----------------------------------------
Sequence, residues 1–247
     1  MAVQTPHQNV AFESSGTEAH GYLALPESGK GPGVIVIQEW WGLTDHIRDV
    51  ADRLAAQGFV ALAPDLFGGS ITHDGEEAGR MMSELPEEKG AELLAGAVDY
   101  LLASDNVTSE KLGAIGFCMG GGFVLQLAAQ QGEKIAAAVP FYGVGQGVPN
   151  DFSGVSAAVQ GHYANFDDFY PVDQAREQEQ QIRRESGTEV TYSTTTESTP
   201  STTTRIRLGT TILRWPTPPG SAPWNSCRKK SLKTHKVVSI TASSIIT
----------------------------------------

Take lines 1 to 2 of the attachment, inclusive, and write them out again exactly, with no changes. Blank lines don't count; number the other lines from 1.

Sequence, residues 1–247
     1  MAVQTPHQNV AFESSGTEAH GYLALPESGK GPGVIVIQEW WGLTDHIRDV